The first rider got to the hotel shortly after noon and the last at about 6:15 pm � this because all stopped and took time to eat and sightsee today. Those who were already at the motel, were gathered in the lobby to watch the Tour de France stage that was on OLN.
Riders had a lot of climbing today so had to work hard, but everyone was in great spirits because the scenery was much too beautiful to speed through anyway. Tomorrow we have a short day . . . only 57 miles. We need this relaxing, short day to recover before our two long days into Pierre and Chamberlain, 115 and 95 respectively. Most of our tough climbing is behind us for now. The riders will be thankful. They need a break from the tough days.
OVERHEARD ON THE ROAD TODAY: *** �What is that?� [referring to a multi-level many windowed building high on the cliffs behind SS#2. I found out that �that� is a private home and guesthouse. The home alone must be over 20,000 square feet. The woman who had the house built owns many Keystone properties and businesses, including the wine tasting room and restaurant and the cafe near the SS.] *** �Do we have any more climbing?� *** �What four faces would you choose for a Mount Rushmore of the best athletes in the US? Best musicians?�
posted 2006-07-10 | 23:09:01 | article number: 4
|Day 23�July 11, 2006�Rapid City, SD to Wall, SD�57 miles�1300� climb
|What a day this has been. Temps in the triple digits, a bridge out requiring a detour, and then 4 miles of fresh tar and oil on I-90. Riders and staff alike had to rise to the occasion and exercise good decision making skills and ingenuity.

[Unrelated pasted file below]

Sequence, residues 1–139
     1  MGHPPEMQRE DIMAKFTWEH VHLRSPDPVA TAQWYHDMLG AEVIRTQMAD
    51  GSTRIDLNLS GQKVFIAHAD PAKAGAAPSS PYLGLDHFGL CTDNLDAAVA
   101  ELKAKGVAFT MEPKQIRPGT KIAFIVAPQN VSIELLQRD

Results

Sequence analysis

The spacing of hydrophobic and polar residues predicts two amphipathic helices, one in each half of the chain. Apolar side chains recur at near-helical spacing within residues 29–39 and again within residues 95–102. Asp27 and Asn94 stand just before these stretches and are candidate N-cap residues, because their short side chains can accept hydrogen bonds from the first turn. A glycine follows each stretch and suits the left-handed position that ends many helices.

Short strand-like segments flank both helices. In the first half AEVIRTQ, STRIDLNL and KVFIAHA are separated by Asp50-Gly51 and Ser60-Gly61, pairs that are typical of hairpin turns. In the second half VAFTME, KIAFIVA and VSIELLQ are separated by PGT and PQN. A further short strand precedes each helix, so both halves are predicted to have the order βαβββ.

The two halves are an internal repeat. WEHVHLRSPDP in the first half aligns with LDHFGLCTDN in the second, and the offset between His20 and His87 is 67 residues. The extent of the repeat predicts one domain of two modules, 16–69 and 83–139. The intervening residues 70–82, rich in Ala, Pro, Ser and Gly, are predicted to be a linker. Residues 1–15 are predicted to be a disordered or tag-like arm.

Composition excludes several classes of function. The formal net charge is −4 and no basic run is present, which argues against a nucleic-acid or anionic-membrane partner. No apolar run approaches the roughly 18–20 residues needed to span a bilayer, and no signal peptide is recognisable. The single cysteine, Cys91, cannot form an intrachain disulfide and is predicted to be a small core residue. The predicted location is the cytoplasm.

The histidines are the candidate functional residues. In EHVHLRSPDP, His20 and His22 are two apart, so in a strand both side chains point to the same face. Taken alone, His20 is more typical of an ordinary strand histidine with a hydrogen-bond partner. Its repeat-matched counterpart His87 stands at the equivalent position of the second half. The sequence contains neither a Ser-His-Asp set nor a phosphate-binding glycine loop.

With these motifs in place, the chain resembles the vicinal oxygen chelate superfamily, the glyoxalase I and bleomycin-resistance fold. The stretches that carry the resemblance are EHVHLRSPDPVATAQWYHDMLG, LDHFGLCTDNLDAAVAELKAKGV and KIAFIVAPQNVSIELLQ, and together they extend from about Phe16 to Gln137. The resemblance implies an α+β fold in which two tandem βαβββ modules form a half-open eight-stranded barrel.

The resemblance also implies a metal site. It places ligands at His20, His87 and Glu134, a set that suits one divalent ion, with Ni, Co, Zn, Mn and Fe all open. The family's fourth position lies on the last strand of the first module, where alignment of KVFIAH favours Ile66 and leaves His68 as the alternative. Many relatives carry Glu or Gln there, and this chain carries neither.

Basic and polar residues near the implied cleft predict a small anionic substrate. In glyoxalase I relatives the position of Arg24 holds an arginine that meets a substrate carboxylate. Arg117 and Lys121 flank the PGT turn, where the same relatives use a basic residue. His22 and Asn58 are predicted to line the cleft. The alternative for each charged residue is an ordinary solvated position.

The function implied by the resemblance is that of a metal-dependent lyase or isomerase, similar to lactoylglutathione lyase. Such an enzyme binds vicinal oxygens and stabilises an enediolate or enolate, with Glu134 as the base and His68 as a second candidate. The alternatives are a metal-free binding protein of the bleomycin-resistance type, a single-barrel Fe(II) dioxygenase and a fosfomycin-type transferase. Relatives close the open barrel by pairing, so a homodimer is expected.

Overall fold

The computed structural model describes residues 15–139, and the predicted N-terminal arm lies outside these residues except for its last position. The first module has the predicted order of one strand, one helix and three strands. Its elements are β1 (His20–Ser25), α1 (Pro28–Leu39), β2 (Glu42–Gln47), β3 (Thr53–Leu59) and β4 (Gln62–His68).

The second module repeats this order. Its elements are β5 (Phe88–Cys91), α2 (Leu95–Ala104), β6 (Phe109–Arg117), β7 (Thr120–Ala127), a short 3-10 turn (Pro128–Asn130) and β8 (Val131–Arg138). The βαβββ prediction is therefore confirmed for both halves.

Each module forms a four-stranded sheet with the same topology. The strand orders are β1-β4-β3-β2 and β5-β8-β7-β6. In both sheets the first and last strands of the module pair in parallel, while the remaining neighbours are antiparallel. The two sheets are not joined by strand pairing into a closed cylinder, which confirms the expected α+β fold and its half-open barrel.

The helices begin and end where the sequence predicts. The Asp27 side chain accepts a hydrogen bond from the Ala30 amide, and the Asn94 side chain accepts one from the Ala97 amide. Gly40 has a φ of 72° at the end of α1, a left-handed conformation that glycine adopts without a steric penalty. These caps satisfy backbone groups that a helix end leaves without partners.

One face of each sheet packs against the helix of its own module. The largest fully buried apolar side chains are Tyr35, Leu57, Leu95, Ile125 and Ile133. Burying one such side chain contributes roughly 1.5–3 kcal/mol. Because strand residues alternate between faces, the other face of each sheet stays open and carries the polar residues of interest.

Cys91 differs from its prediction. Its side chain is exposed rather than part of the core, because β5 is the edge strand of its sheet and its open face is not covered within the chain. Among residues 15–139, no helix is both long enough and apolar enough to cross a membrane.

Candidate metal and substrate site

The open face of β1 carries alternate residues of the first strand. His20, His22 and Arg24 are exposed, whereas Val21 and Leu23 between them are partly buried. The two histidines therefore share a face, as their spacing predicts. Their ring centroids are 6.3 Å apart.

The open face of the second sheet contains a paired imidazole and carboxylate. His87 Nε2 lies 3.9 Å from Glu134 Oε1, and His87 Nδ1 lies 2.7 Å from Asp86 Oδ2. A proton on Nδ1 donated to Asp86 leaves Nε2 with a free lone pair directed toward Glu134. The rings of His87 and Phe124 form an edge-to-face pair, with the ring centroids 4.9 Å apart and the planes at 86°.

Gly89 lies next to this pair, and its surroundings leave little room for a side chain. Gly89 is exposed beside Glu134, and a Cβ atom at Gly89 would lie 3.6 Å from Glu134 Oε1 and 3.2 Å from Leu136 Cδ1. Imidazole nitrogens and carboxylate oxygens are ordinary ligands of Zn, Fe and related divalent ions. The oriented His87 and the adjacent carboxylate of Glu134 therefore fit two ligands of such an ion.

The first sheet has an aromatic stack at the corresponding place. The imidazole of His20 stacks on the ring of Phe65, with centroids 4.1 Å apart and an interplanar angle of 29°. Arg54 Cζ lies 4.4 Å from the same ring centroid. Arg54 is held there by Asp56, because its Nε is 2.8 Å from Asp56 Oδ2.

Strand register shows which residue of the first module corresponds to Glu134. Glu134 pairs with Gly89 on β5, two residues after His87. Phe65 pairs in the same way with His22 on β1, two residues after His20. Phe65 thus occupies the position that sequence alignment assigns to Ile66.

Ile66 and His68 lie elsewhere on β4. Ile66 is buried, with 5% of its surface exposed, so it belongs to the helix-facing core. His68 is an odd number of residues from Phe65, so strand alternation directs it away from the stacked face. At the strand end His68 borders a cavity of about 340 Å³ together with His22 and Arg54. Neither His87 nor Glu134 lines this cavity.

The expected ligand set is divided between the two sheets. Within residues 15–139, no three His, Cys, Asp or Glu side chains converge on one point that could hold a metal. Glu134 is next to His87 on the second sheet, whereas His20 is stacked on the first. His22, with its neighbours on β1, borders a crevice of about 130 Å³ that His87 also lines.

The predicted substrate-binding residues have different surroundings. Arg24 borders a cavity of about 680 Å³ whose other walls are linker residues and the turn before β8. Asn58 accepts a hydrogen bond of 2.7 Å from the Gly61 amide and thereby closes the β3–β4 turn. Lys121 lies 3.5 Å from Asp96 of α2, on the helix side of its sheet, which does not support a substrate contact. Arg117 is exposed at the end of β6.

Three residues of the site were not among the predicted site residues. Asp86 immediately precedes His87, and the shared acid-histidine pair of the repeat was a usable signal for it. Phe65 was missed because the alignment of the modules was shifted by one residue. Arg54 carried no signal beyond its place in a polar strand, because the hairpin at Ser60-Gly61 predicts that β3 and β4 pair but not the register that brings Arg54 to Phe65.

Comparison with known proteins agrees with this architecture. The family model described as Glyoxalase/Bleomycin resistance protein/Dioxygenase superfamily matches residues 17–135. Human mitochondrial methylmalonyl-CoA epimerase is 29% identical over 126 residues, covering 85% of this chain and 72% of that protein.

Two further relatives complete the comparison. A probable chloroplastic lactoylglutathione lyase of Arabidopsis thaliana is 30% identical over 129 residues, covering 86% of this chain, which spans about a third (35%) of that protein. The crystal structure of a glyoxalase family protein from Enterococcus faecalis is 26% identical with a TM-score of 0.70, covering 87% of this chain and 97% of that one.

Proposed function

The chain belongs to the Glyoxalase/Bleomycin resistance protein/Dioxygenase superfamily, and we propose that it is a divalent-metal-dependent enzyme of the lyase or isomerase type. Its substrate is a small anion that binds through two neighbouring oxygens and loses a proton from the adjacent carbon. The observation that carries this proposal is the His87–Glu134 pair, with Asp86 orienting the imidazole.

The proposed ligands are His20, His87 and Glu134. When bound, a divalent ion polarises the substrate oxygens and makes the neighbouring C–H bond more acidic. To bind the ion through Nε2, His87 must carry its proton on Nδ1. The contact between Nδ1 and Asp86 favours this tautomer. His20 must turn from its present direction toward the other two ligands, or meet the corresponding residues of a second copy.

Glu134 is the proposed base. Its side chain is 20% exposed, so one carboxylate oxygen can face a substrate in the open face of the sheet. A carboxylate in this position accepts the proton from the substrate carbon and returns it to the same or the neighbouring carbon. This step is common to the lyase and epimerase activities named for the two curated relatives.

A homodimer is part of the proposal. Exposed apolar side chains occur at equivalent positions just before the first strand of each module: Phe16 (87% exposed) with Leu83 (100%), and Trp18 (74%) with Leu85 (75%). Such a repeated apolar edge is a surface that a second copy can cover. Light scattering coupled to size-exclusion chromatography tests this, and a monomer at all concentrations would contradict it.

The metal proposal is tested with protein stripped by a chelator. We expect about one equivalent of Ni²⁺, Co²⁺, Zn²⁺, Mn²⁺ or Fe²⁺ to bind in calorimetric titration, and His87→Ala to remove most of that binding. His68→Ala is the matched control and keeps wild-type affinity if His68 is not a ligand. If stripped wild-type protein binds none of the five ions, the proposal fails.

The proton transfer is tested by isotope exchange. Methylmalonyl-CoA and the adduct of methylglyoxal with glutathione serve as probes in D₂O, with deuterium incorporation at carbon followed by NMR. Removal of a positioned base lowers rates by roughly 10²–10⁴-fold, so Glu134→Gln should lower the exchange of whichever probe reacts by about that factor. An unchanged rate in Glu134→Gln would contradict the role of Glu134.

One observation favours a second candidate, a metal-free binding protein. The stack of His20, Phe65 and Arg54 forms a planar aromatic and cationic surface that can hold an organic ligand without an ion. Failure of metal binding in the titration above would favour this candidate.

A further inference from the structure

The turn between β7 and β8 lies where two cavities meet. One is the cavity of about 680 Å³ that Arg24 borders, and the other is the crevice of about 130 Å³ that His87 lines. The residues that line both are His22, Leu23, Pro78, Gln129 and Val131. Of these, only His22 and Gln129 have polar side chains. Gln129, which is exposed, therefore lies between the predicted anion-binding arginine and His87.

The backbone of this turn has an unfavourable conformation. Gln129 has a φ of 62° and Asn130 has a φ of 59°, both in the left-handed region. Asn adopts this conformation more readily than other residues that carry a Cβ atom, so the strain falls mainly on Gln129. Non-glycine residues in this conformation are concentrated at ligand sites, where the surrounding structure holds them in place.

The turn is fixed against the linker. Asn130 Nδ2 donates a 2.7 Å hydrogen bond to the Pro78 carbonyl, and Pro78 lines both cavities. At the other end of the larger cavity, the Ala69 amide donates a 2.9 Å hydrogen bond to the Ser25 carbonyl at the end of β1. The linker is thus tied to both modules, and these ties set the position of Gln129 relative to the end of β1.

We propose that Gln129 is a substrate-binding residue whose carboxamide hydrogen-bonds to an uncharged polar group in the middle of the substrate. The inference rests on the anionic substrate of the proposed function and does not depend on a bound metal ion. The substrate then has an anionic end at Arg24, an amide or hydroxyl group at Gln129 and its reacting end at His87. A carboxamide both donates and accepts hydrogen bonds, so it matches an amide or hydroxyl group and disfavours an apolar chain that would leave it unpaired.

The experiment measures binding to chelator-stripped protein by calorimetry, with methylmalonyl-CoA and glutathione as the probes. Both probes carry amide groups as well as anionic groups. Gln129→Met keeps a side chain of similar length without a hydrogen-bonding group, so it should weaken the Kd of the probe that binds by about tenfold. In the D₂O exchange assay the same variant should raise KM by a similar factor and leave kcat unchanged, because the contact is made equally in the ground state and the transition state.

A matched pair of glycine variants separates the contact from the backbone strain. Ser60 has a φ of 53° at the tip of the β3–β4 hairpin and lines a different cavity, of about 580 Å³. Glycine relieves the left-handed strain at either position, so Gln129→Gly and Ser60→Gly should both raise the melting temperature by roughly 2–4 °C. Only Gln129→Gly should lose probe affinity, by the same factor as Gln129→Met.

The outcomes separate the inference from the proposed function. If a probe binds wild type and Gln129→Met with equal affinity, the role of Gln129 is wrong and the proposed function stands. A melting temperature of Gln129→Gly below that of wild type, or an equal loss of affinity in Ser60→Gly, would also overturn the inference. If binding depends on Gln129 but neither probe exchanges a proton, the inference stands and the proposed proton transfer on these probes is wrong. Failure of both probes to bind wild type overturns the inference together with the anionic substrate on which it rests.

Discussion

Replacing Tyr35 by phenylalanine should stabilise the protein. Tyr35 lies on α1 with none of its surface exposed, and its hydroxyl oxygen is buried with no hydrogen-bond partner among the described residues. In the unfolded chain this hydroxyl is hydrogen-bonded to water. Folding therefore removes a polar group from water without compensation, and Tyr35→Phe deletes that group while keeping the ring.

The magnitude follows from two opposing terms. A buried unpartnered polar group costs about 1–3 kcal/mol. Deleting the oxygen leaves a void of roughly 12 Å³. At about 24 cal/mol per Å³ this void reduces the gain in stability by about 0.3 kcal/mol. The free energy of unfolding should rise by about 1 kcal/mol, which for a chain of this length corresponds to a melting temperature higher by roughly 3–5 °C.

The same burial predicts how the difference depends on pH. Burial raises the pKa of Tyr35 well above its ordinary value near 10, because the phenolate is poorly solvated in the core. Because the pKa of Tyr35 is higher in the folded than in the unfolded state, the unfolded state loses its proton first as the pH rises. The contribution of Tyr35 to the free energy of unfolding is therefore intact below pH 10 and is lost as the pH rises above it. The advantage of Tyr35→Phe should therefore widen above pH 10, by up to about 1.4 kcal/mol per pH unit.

The first glitch in the planned route came early in the morning when the lead riders found that the bridge over the I-90 to Hwy 1416 was out. They returned on the service road and met the following group, with whom I was riding. Sara led both groups back to the Interstate, which they used as their detour. In the meantime, I informed the staff and remained at the entrance to I-90 directing the rest of the riders to this detour. Some rode to the next exit and then found Hwy 1416, and others rode I-90 to New Underwood and SS#1, which was set up at Steve�s Superstore and biker bar (see photo above) at mile 24.
After those who were riding Hwy 1416/CR414 passed Ellsworth AFB, it was rock-and-roll all the way. Up and down the rollers they went on this highway that resembles a piece of ribbon candy. Many of the rollers were just too steep or too tall to allow riders to roll down one side and zip up the next, but there were also plenty that allowed for nearly effortless climbing
After SS#1, riders had about a dozen more miles of rock and roll before they got on I-90 (this time a planned part of the route) for 20 miles before exiting at Wall. It was on I-90 that the second route glitch occurred. The lead riders discovered that about 4 miles of I-90 were being freshly tarred and oiled. The shoulder and right lane were closed, and all eastbound traffic had been funneled to the left lane. The lead riders called the staff to inform them of the situation. Then the flag person stopped traffic while these riders rode the left lane. Those who were following were not so fortunate as to be able to ride the lane while traffic was stopped, however. They had to make a decision: 1) ride unsafely on the rumble strips to the left of the left-lane, I-90 traffic as directed by the flag person; 2) ride behind the cones on the new tar and oil; 3) walk their bikes along the shoulder to the right of the newly tarred and oiled lane; or 4) sag. Most made smart and safe decisions and should be commended.
The good news is that all made it to the hotel safely by 2, so had plenty of time to explore Wall Drug, with its rooms and rooms of tourist treasures. Peter even chatted up a saloon girl (see photo above). Note to Peter�s wife: Not to worry, Peter reported that the saloon girl was a bit stiff and standoffish and that she was a dreadful conversationalist.